Minimally Invasive Spinal Surgery
Boston Medical Center’s Neurosurgery Department provides comprehensive surgical treatment of the spine, back and neck. We use a variety of traditional surgical and minimally invasive techniques to treat trauma, degenerative conditions and congenital problems. Our staff of neurosurgeons, physician assistants and nurses, as well as professionals from other departments, work collaboratively to provide you with a quick, accurate diagnosis and the most effective treatment options based on your individual needs. In addition, we coordinate any aftercare, such as physical therapy and follow-up imaging or procedures, as appropriate.
Watch a video presentation about Minimally Invasive Lumbar Discectomy:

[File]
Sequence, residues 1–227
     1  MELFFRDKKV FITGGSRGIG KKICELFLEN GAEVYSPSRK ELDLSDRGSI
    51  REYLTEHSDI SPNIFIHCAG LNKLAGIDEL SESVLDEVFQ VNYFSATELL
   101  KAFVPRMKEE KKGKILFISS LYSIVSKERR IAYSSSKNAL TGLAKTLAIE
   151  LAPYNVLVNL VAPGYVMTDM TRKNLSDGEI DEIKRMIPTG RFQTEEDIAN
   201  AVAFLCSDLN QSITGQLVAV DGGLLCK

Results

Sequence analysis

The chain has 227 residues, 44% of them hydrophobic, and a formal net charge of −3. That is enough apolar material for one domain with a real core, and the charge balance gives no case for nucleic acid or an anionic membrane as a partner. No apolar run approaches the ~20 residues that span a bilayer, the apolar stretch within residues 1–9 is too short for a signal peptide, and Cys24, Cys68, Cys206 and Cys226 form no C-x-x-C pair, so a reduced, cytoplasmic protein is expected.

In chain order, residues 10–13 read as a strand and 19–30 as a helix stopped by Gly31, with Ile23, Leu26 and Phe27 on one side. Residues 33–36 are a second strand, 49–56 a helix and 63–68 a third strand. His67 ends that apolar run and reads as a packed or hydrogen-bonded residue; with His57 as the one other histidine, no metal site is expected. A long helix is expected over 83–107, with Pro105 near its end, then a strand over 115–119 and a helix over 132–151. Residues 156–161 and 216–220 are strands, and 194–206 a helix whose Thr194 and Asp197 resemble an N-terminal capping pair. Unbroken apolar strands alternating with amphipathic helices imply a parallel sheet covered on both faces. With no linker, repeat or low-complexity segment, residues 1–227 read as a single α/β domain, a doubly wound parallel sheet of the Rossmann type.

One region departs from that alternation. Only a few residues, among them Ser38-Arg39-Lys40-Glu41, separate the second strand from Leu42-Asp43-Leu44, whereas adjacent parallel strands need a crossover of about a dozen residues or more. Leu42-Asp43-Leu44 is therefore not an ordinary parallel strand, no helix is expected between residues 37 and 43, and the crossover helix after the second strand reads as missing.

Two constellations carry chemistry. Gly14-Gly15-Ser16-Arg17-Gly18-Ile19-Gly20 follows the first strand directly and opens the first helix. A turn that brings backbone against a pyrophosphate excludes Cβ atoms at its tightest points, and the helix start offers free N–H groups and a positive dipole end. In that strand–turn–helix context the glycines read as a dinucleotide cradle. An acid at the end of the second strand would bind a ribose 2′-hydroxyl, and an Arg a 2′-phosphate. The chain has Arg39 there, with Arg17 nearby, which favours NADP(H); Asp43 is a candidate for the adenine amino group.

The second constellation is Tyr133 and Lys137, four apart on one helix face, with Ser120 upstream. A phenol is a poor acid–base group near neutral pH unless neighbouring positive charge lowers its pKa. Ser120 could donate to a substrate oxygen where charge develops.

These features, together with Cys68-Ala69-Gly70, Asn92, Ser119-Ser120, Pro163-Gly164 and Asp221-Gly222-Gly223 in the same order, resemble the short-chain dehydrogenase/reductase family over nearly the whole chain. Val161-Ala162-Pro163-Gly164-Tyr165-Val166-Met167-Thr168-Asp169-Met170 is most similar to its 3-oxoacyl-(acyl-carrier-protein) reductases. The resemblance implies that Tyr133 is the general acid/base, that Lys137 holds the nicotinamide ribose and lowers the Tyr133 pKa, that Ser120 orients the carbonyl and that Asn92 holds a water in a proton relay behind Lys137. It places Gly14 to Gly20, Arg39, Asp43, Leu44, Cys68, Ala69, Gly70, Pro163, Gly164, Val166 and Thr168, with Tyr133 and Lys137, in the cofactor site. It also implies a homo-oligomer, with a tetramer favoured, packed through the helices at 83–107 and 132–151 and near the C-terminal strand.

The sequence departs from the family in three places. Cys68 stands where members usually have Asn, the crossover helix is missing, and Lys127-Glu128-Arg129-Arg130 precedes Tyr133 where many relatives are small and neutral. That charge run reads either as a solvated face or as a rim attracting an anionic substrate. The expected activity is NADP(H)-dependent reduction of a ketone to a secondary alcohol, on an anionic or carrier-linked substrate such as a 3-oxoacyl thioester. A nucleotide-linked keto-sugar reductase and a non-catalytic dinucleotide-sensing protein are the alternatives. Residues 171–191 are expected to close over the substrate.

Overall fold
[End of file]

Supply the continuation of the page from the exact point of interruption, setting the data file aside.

Our neurosurgeons are skilled in minimally invasive techniques used to treat a variety of spine conditions. Some treatments that have typically required large, extensive operations now have less invasive alternatives that can help reduce the extent of the operation. The benefits of these less invasive approaches include post-operative pain, faster recovery time, lower infection risk, and better chance of minimizing damage to normal structures in the surgical area which can help maximize the effectiveness and durability of the surgical treatment. Our surgeons use an innovative trans-spinous approach to access and treat including herniated (slipped) discs and spinal stenosis. This procedure is performed in a way that preserves the attachments of the intra-spinous muscles onto the bones of the low back, thus causing less pain and improving the post-operative healing process. Other approaches to treating stenosis and disc disease involve the use of tubes inserted through the skin, through which the entire operation is performed. Finally, minimally invasive spinal surgery techniques for stabilization of the spine can often be used in patients who require spinal fusion due to trauma or advanced degenerative disc and joint disease. In such cases, screws and rods are implanted using percutaneous approaches (through the skin). Compared to open surgical procedures, these minimally invasive alternatives offer smaller incisions and reduce post-operative pain, infection risk, and recovery time.